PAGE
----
How banks are using remote notarization now that states have signed on
Until recently, BMO Harris customers who were seeking a home equity loan or line of credit could apply online and sign most of their documents through an online portal. But they couldn’t escape coming face-to-face with a notary to sign their promissory note and deed, whether that meant visiting their branch’s drive-through or requesting a notary meet them at their home.
Tom Parrish, head of retail lending product management at BMO Harris Bank, even set up a table in his driveway when he needed the services of a notary to wrap up his recent mortgage refinance but wanted to maintain social distancing amid the coronavirus pandemic. Parrish and his wife took turns completing their steps while keeping apart from the notary.
Now customers of the Chicago bank have a third option: getting their documents notarized remotely with a notary on screen.
On May 12, BMO Harris closed its first home equity line of credit remotely from start to finish using Blend Close, the digital closing product created by the consumer lending platform Blend. The $138 billion-asset bank is one financial institution inching toward remote online notarization, or RON, by starting with home equity loans and lines of credit. Unlike electronic notarization, where the notary is signing documents on a computer but sitting face-to-face with the consumer, with RON the entire notarization process is conducted remotely via audiovisual technology, typically a webcam.
According to vendors and consultants, more financial institutions are interested in turning notarization into an all-digital experience. In the short term, this will benefit customers who are hesitant about interacting with a notary in person during the pandemic. In the long term, proponents argue it will be a more efficient method of notarization. But because there are several obstacles, it will be a while before RON is widely accepted, especially for closing mortgages.
“The providers are there, waiting for more and more people to be able to conduct business that way,” said Craig Hughes, managing director of financial services at CC Pace, a consulting firm. “There is not a lack of technical solutions to the problem. This is more of a legislative issue.”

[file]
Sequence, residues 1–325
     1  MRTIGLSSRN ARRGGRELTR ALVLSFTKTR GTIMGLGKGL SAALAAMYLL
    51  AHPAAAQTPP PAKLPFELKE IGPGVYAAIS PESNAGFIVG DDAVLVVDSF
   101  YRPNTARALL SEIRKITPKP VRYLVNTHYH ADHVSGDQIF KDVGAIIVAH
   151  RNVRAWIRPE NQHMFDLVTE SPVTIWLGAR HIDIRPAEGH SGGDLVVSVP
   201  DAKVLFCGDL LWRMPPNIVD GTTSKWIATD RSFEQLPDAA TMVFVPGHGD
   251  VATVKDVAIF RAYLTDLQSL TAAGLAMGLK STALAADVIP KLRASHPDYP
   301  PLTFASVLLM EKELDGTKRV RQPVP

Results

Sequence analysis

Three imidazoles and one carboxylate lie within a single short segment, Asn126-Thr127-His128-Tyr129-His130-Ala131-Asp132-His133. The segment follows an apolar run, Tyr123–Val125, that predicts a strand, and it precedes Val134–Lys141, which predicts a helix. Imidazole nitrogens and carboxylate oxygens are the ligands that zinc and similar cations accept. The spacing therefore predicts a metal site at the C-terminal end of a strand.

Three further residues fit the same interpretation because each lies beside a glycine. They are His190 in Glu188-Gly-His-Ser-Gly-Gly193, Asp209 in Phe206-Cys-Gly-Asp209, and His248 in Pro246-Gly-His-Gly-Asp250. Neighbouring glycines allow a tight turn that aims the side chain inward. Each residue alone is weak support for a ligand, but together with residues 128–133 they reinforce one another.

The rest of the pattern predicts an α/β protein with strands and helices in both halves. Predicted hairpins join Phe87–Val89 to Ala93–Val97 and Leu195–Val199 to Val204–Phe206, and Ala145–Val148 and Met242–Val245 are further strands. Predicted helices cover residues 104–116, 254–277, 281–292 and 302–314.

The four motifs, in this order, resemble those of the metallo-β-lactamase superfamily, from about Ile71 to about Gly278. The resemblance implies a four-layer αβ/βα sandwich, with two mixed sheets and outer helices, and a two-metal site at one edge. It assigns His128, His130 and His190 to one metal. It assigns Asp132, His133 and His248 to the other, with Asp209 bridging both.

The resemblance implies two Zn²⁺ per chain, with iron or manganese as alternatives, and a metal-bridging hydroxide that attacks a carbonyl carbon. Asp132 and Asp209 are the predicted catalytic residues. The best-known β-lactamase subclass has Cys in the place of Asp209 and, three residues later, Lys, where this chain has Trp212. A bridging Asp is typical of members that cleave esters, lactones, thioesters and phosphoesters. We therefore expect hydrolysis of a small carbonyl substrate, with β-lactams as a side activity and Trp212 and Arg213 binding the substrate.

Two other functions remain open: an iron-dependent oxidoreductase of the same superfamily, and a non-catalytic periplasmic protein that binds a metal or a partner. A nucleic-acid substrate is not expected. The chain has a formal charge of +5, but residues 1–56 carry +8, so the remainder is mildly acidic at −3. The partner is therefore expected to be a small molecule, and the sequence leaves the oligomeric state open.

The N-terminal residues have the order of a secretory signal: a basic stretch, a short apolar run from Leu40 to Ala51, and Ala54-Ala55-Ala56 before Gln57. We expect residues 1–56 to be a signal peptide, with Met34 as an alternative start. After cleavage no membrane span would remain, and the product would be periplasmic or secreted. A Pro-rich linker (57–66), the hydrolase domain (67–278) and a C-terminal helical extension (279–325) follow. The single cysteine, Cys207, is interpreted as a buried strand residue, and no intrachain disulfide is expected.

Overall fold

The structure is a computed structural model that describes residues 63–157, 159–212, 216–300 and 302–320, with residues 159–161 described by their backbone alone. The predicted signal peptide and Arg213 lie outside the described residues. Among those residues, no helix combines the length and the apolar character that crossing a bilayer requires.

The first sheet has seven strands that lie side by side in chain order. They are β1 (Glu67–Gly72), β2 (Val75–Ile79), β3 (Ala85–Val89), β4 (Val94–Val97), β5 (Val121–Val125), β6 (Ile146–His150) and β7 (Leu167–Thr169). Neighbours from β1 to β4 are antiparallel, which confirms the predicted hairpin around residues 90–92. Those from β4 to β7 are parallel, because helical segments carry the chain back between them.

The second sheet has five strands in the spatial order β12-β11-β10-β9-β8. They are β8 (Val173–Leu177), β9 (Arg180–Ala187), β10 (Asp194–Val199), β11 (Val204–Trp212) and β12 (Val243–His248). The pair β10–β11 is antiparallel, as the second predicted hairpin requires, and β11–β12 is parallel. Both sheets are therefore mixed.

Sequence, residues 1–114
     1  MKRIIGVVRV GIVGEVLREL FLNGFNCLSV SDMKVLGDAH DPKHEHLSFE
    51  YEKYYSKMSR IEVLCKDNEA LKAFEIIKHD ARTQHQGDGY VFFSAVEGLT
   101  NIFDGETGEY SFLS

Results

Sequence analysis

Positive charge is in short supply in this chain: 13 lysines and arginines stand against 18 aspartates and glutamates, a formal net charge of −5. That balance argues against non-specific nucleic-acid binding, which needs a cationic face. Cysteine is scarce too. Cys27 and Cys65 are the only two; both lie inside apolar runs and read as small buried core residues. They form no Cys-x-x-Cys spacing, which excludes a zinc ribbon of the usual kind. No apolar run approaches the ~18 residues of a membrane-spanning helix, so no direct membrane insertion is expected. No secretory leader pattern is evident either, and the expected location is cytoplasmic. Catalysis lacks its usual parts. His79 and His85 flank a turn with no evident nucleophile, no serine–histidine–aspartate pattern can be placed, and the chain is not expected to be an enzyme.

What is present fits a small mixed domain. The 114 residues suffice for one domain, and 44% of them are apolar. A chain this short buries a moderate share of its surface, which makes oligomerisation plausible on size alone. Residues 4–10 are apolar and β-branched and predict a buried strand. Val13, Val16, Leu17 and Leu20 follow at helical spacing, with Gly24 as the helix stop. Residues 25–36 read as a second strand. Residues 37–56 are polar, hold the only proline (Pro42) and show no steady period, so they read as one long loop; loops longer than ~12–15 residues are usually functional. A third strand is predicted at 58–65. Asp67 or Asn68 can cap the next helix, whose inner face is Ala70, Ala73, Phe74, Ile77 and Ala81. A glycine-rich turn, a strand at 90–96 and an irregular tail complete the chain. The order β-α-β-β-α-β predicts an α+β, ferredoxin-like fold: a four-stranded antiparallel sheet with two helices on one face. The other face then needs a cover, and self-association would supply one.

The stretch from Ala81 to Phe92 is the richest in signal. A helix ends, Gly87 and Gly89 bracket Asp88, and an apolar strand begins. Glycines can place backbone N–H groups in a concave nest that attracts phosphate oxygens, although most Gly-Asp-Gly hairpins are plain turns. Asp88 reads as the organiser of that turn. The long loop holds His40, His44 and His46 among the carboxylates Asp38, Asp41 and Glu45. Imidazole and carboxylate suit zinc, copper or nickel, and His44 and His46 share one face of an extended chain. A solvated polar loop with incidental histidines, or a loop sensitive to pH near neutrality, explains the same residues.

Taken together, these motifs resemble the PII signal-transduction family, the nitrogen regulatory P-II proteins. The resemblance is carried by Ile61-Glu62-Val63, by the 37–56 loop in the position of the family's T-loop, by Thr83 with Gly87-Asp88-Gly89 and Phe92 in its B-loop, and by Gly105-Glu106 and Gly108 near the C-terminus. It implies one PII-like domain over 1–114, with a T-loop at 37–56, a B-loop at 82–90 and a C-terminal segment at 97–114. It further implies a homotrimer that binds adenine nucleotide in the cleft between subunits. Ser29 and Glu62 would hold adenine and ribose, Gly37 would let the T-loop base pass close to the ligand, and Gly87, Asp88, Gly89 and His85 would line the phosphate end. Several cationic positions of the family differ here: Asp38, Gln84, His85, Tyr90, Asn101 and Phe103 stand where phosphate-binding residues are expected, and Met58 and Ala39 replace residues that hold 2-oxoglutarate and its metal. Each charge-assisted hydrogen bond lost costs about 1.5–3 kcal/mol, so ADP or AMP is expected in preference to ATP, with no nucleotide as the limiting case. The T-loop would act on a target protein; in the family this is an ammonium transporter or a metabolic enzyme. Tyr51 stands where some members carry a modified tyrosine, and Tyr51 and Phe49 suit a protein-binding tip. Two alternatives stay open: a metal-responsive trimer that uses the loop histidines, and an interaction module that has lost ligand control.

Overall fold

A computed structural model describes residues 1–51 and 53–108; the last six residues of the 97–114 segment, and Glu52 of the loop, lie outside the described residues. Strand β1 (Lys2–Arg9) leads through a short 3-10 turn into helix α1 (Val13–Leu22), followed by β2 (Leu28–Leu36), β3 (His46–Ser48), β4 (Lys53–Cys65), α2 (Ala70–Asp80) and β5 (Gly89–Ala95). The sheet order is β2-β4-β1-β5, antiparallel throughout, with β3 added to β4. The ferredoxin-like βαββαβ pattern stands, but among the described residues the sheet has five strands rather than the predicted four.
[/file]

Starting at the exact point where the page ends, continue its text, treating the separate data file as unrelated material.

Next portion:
Hurdles to going remote
According to the National Notary Association, 24 states have passed permanent RON laws that let a signer interact with a notary using audiovisual equipment, while 14 of those states have fully implemented their RON procedures, meaning the laws are in effect and notaries are authorized to perform their duties remotely. Many other states, including New York, have issued temporary authorizations allowing notaries to perform RONs or other forms of remote notarization during the pandemic.
But even in states where RON is legal, laws may differ in individual counties.
Moreover, there are other obstacles to remote notarization, such as acceptance. For instance, mortgages are one of the main drivers in expanding the use of RON. But some participants in the mortgage supply chain have yet to embrace the concept.
“Just because lenders can do RON legally in 24 states today doesn’t mean their investors will buy those loans or the warehouse lenders will let those lenders fund the loans,” said Julian Hebron, founder of The Basis Point, a sales and strategy consultancy for consumer finance and fintech companies. “Most title companies might choose not to take the title insurance risk, especially in cases where temporary measures have gone in.”
On March 18, Sens. Kevin Cramer, R-N.D., and Mark Warner, D-Va., introduced the Securing and Enabling Commerce Using Remote and Electronic Notarization Act of 2020, permitting the immediate use of remote online notarization across the U.S.
But absent federal regulations, lenders and title companies may still be wary.
Technical issues also persist.
“There are a whole set of standards that go into making RON technologically sound,” said Hebron. “The notary could turn on Zoom but maybe forget to press record. You could hold up your driver’s license to the webcam and they can validate it, but that technically means they are notarizing it after the fact, which is not something a title company would feel comfortable insuring.”
A more widespread compromise today, and even before the pandemic, is the hybrid closing. In this scenario, non-notary documents are signed electronically, but a notary meets with the borrower in person on the same day to sign the rest on paper.